don´t really have something to add to the ever expanding euphoric discourse around this film. La Grande Bellezza is the ´Great Beauty´ indeed. A deeply melancholy picture about a once great writer, contemplating about his past life and ´beauty´ in the broadest sense of the word. A Felliniesque visual trip through modern day Rome with its artsy fartsy extravaganza, stuffed with beautifully composed scenes, tracking shots and impressive long takes, Sorrentino has proven himself as one the most gifted directors on earth. As you could have guessed, also our best Italian film of 2013.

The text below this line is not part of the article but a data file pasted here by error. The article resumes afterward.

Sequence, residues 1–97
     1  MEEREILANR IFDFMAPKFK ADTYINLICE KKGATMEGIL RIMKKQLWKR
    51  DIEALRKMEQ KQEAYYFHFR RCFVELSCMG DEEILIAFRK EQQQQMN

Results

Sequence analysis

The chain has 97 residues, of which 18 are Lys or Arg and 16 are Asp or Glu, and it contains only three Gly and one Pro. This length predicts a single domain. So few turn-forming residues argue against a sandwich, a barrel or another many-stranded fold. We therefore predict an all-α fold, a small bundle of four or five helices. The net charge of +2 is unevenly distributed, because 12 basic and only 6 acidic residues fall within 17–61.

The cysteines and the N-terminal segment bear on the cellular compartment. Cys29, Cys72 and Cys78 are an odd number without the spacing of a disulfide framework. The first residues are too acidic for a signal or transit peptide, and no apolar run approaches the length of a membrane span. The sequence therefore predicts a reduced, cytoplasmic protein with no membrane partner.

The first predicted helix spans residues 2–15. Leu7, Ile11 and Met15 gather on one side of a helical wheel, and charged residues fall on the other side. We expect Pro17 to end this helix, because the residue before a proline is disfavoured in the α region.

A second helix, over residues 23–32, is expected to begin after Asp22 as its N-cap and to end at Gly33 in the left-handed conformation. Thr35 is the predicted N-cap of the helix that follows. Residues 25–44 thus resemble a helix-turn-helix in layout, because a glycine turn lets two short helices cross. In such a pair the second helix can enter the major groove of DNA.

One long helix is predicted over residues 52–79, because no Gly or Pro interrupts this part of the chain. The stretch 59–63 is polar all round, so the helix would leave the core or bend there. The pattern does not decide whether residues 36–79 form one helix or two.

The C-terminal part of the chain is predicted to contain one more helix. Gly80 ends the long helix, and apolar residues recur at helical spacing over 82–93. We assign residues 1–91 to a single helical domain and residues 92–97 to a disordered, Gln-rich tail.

Reportedly, La Corrispondenza is about a love affair between a professor and young woman. Plot-wise, Tornatore isn’t exactly discovering new grounds here, but given his reputation we’re still pretty excited to see this one.
Il Racconto dei Racconti (15-05-2015, 125 minutes))
If there is another Italian director, after Sorrentino, who has been getting lots of international attention than it is Matteo Garrone. Best known for the Italian gangster film Gomorra (2009), but equally impressive with 2012’s prophetic Reality (2012), Garrone is now coming with his first English language feature. The Tale of Tales is an adaptation of the famous book by Giambattista Basile, and it will be starring Vincent Cassel and Salma Hayek. It has been postponed from 2014 to 2015.